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Understanding Australian policies on public health using social and political science theories: reflections from an Academy of the Social Sciences in Australia Workshop

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Understanding Australian policies on public health using social and political science theories : reflections from an Academy of the Social Sciences in Australia Workshop. / Baum, Fran; Graycar, Adam; Delany-Crowe, Toni et al.

In: Health Promotion International, Vol. 34, No. 4, 31.08.2019, p. 833-846.

Research output: Contribution to Journal/MagazineJournal articlepeer-review

Harvard

Baum, F, Graycar, A, Delany-Crowe, T, de Leeuw, E, Bacchi, C, Popay, J, Orchard, L, Colebatch, H, Friel, S, MacDougall, C, Harris, E, Lawless, A, McDermott, D, Fisher, M, Harris, P, Phillips, C & Fitzgerald, J 2019, 'Understanding Australian policies on public health using social and political science theories: reflections from an Academy of the Social Sciences in Australia Workshop', Health Promotion International, vol. 34, no. 4, pp. 833-846. https://doi.org/10.1093/heapro/day014

APA

Baum, F., Graycar, A., Delany-Crowe, T., de Leeuw, E., Bacchi, C., Popay, J., Orchard, L., Colebatch, H., Friel, S., MacDougall, C., Harris, E., Lawless, A., McDermott, D., Fisher, M., Harris, P., Phillips, C., & Fitzgerald, J. (2019). Understanding Australian policies on public health using social and political science theories: reflections from an Academy of the Social Sciences in Australia Workshop. Health Promotion International, 34(4), 833-846. https://doi.org/10.1093/heapro/day014

Vancouver

Baum F, Graycar A, Delany-Crowe T, de Leeuw E, Bacchi C, Popay J et al. Understanding Australian policies on public health using social and political science theories: reflections from an Academy of the Social Sciences in Australia Workshop. Health Promotion International. 2019 Aug 31;34(4):833-846. Epub 2018 Apr 19. doi: 10.1093/heapro/day014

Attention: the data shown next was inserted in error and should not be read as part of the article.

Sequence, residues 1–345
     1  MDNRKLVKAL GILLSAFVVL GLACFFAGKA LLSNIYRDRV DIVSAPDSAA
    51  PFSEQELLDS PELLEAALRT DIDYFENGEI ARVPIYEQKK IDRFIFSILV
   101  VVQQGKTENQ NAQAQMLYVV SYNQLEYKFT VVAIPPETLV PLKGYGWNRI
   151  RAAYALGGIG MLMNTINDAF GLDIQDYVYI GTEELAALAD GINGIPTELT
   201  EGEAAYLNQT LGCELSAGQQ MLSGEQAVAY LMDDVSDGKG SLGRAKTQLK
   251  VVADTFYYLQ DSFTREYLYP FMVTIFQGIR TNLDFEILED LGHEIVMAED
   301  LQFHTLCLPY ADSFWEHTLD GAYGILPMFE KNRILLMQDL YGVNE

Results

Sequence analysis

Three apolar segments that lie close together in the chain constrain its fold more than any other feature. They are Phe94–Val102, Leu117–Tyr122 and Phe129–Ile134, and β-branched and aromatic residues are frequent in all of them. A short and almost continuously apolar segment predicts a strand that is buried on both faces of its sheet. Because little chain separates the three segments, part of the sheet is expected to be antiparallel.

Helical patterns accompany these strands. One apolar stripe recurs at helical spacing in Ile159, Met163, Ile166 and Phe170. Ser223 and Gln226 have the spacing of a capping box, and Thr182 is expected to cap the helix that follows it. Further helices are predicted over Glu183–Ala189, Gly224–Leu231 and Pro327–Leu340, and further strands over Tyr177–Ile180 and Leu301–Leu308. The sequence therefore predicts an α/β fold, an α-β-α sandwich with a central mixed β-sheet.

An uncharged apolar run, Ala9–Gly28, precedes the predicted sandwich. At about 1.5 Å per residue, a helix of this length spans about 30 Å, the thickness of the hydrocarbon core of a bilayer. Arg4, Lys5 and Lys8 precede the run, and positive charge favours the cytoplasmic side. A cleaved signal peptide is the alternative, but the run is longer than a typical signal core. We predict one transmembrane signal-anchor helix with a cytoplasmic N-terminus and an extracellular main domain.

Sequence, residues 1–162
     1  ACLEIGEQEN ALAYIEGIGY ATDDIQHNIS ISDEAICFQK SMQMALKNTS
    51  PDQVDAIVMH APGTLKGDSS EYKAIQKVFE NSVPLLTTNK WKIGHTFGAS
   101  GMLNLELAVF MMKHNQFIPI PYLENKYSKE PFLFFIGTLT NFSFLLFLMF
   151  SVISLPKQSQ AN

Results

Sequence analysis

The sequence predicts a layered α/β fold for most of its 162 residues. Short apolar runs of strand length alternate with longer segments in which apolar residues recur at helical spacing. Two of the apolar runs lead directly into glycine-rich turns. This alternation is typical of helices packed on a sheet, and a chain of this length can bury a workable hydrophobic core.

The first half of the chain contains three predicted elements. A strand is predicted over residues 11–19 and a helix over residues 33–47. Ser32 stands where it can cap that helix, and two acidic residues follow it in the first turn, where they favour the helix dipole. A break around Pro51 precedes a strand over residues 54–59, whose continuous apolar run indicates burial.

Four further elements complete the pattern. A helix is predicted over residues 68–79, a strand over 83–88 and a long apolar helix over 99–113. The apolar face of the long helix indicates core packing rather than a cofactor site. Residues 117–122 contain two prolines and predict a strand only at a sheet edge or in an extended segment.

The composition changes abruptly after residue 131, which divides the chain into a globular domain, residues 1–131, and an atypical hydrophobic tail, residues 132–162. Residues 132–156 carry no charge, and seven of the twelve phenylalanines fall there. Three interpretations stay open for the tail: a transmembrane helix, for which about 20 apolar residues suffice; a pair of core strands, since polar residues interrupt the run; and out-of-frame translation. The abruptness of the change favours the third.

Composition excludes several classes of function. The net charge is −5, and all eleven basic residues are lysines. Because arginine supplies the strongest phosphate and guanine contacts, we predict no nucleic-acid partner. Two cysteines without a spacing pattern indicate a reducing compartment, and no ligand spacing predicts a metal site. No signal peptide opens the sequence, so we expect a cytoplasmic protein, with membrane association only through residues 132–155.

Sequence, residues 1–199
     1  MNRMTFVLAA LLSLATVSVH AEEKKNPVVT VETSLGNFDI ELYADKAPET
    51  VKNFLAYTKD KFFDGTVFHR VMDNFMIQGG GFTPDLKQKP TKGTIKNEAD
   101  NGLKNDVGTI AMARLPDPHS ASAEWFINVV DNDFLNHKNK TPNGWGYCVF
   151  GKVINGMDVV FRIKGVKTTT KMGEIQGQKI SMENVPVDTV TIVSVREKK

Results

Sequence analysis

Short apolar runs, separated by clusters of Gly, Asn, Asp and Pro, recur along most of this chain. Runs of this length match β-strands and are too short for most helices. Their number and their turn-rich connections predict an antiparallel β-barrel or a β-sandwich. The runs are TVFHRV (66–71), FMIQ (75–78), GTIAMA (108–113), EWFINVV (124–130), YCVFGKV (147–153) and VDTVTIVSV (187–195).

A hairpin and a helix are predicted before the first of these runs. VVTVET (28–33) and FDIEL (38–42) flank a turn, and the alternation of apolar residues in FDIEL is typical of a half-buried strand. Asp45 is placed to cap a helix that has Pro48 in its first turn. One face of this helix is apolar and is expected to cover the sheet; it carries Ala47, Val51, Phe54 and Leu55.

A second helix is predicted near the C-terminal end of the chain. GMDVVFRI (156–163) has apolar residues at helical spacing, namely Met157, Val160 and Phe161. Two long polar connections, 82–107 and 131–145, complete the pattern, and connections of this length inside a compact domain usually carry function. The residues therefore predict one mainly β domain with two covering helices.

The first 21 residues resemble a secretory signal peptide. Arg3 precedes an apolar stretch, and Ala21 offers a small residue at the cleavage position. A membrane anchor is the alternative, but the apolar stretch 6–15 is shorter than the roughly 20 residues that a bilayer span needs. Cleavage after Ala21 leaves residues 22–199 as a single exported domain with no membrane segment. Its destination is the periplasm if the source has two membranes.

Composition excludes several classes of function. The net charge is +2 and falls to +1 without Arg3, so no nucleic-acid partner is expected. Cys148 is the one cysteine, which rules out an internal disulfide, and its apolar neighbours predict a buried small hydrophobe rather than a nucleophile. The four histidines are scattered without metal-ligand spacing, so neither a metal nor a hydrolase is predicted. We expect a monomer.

Author

Baum, Fran ; Graycar, Adam ; Delany-Crowe, Toni et al. / Understanding Australian policies on public health using social and political science theories : reflections from an Academy of the Social Sciences in Australia Workshop. In: Health Promotion International. 2019 ; Vol. 34, No. 4. pp. 833-846.

Bibtex

@article{cfd474e9c013400d8fb054a836cb59b9,
title = "Understanding Australian policies on public health using social and political science theories: reflections from an Academy of the Social Sciences in Australia Workshop",
abstract = "There is strong, and growing, evidence documenting health inequities across the world. However, most governments do not prioritize policies to encourage action on the social determinants of health and health equity. Furthermore, despite evidence concerning the benefits of joined-up, intersectoral policy to promote health and health equity, it is rare for such policy approaches to be applied systematically. To examine the usefulness of political and social science theory in understanding the reasons for this disjuncture between evidence and practice, researchers and public servants gathered in Adelaide for an Academy of the Social Sciences in Australia (ASSA) Workshop. This paper draws together the learnings that emerged from the Workshop, including key messages about the usefulness of various theories as well as insights drawn from policy practice. Discussions during the Workshop highlighted that applying multiple theories is particularly helpful in directing attention to, and understanding, the influence of all stages of the policy process; from the construction and framing of policy problems, to the implementation of policy and evaluation of outcomes, including those outcomes that may be unintended. In addition, the Workshop emphasized the value of collaborations among public health researchers, political and social scientists and public servants to open up critical discussion about the intersections between theory, research evidence and practice. Such critique is vital to render visible the processes through which particular sources of knowledge may be privileged over others and to examine how political and bureaucratic environments shape policy proposals and implementation action.",
keywords = "Determinants of health, evidence based policy, healthy public policy, politics",
author = "Fran Baum and Adam Graycar and Toni Delany-Crowe and {de Leeuw}, Evelyne and Carol Bacchi and Jennie Popay and Lionel Orchard and Hal Colebatch and Sharon Friel and Colin MacDougall and Elizabeth Harris and Angela Lawless and Dennis McDermott and Matthew Fisher and Patrick Harris and Clare Phillips and Jane Fitzgerald",